Friday, February 23, 2007
(3:36 PM) | Dave Belcher:
Art and Non-Art[This has been a "draft" waiting to be edited for a LONG time, so sorry for the hiatus. I just didn't take the time to finish what I started, and then one distraction led to another, etc. This may not be pertinent at all any longer].
So, in one of his comments Marc anticipated where I wanted to take this discussion of Adorno and "popular music" (I'm not attributing any of the rest of this to Marc, he was only pointing to an anecdote, but that story got my wheels turning). We cannot define the difference between art and non-art. If this is the case, then Adorno's description of popular music as: "a music that can scarcely be counted as art" ("Popular Music," 35), must be thoroughly problematized. I'm not so sure, however, that the above is really the case...that is, if we can't define the difference between art and non-art, then isn't everything art (or nothing is art, in which case everything is non-art)? Perhaps it is this very problem that prompts us in the first place to ask questions about human making ("What makes that art?"). But, these questions must quickly encounter the thorny distinctions the medievals drew between art [ars] as human "making" and the aesthetic [esthetica] as an object which elicits pleasure (or in some sense manifests "beauty"). In other words, as Umberto Eco says, "The experience of beauty does not necessarily have art as its object; for we ascribe beauty not just to poems and paintings but also to horses, sunsets, and women--or even, at its limits, to a crime or a gourmet meal" (The Aesthetics of Thomas Aquinas, trans. Hugh Bredin (Cambridge, MA: Harvard University Press, 1988), 3. So, although beauty can be elicited by the objects human art makes (I won't get into questions of mediation here, or what it is that actually gives the beauty), beauty is not limited to this making (nor is it found in every object made...this raises interesting and perhaps unanswerable questions about the objectivity of beauty over against subjective perception: sometimes boring, but necessary questions like, "Is beauty in the eye of the beholder?"). So, at least, it seems, we can say that art--as opposed to "non-art"--involves human making (we can only then have a basis for judging "beauty," or "non-beauty," which is really the question Marcuse saw at hand, I think).
All of this comes to a head in Brad's latest post over at An und fur sich. The most compelling sentences:
[T]he artisan’s attention is set beyond the productivity of her work; set beyond, that is, the work’s objectivity as a work (a chair, a rug, etc.). The artisan’s attention, rather, is on the ‘poietic’ value of her craftwork, whereby the very activity of her craftsmanship involves her in the opening of the world to something truly new. Craftsmanship, in short, is attuned to the creation of something whose value is precisely and fully the act of its creation, and not its productive capacity for exchange, consumption, or use. As such, the craftsman’s attention is directed toward the fashioning of a radically new existence, one incommensurate with the present order of reality and its existent horizon of expectationsI think that the distinction between art as "making" and aesthetics as an "eliciting of beauty or pleasure" is actually upheld, here, by Brad (even despite being a proposal "on craftmanship"!). In the comments, I believe Gabe misses--with all due respect--that the "making" Brad is discussing has to do with the subject's involvement in the eliciting of beauty (which is, I think, the constitution of a sort of "aesthetic subjectivity," here...and for that reason, also, "revolutionary subjectivity"), and not with "art" (Brad is careful to use the term aesthetics or "creativity" and not art, knowingly I'm sure of the medieval distinction)...to give Gabe a little more credit, though, it's quite possible that he is simply saying that there is nothing wrong with "use-value" or "commodification" in itself (along the lines of Graham Ward on Castoriadis?). I am not so sure this is the case in the way Brad seems to intend these terms, though. So, there is a kind of "making for the sake of making," in Ruskin and Morris, but the making does not reduce to the use-value of the object (and I think this would be a reduction); the entire point seems to be that the action of making is the aesthetic moment, one that could not be objectified. Perhaps I am wrong, but without some "subjective" engagement with the act of making, the act of making would itself be merely "art," in the medieval sense (one that is captive to "use-value," commodification, and ultimately capital).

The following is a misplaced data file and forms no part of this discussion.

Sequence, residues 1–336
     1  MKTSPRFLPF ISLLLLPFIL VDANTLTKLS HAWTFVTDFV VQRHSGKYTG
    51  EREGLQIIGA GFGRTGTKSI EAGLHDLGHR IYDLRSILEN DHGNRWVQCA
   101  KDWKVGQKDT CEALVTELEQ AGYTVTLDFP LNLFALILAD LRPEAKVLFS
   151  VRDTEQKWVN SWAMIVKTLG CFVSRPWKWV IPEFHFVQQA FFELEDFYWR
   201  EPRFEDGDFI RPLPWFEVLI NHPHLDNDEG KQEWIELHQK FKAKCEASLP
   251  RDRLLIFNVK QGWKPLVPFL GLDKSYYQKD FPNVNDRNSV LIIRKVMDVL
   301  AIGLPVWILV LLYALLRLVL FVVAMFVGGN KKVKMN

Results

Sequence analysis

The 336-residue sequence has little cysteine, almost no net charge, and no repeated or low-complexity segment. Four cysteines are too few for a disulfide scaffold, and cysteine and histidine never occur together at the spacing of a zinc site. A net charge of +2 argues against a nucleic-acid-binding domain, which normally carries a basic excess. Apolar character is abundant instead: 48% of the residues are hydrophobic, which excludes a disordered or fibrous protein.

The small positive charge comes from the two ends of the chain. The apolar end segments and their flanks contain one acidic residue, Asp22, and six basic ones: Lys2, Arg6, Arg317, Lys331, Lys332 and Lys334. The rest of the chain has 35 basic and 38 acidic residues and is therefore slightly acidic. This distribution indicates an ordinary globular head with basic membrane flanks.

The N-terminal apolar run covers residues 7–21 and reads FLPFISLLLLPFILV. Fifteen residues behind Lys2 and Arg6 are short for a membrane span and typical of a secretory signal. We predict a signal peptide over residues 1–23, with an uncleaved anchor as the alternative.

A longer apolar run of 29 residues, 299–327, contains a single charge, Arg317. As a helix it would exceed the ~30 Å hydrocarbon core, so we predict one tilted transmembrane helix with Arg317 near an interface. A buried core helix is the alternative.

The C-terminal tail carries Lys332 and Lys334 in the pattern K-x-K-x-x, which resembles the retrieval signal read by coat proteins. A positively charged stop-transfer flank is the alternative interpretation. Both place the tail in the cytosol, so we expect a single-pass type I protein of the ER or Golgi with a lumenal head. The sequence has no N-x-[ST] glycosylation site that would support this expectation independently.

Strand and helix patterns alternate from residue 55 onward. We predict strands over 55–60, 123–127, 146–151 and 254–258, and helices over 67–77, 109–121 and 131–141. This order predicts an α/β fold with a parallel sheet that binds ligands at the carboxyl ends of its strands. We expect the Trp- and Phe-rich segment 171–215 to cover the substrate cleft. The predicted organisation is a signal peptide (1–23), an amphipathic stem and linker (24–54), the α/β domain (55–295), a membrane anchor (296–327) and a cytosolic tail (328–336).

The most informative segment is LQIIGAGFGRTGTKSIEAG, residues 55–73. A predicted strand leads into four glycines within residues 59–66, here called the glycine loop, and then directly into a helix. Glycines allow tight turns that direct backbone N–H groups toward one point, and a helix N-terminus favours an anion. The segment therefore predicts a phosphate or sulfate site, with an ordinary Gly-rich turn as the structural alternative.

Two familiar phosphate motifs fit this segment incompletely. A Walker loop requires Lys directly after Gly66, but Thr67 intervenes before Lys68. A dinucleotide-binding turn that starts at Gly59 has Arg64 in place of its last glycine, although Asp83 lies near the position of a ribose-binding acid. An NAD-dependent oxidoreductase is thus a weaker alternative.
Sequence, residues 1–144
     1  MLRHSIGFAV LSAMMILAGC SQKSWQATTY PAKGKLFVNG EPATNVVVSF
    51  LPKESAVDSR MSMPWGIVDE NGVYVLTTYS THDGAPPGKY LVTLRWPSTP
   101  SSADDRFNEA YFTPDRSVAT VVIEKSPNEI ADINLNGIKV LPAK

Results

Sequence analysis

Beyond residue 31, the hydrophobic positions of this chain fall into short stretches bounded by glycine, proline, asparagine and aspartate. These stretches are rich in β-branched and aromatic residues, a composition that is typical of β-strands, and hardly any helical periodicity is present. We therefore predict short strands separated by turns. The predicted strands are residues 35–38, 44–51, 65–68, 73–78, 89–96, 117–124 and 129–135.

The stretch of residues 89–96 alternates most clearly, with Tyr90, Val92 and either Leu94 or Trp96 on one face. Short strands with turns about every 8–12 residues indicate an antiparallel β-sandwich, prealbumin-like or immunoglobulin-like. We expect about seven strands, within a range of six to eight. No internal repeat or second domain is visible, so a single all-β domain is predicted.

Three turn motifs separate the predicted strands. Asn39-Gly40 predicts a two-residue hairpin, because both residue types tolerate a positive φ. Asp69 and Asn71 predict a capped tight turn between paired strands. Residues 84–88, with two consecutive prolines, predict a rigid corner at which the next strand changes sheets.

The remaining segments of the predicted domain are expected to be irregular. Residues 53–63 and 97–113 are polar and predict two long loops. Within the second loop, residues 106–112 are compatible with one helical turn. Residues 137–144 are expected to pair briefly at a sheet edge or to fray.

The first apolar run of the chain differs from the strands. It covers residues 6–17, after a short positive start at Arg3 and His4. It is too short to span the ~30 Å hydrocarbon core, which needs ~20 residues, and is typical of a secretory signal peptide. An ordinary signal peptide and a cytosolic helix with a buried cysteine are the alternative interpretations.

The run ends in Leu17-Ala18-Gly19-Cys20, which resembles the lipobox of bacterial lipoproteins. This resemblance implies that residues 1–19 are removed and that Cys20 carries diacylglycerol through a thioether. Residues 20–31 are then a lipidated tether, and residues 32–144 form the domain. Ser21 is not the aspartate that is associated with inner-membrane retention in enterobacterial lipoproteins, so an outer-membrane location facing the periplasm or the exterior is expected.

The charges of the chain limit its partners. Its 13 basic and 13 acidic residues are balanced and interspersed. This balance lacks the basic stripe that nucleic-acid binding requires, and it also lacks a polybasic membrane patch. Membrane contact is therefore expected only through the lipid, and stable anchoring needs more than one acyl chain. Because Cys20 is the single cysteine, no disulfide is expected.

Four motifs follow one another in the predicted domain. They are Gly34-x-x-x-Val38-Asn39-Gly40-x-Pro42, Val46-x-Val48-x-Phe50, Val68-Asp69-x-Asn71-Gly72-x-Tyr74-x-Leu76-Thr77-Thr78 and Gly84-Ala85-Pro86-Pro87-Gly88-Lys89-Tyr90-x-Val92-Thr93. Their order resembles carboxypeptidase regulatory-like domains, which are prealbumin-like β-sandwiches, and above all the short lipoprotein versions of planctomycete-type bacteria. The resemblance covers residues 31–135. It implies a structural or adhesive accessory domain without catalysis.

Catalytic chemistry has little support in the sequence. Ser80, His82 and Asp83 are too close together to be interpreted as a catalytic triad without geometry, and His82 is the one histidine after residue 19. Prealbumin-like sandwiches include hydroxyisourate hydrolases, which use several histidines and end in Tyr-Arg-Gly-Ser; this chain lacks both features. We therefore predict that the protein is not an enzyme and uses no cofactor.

I have to say, I'm still not so sure that this is all that different from either Milbank's reading of Ruskin (in "On Complex Space," I think), or Rowan Williams' reading of Maritain--I don't see the real difference between a "radically orthodox" aesthetic and the one Brad is proposing. Don't get me wrong, I think both are extremely necessary. And since what really matters is in the details, perhaps this burgeoning conversation in contemporary theology is a sign of very good thins to come.
This has been the most rambling-ass post ever.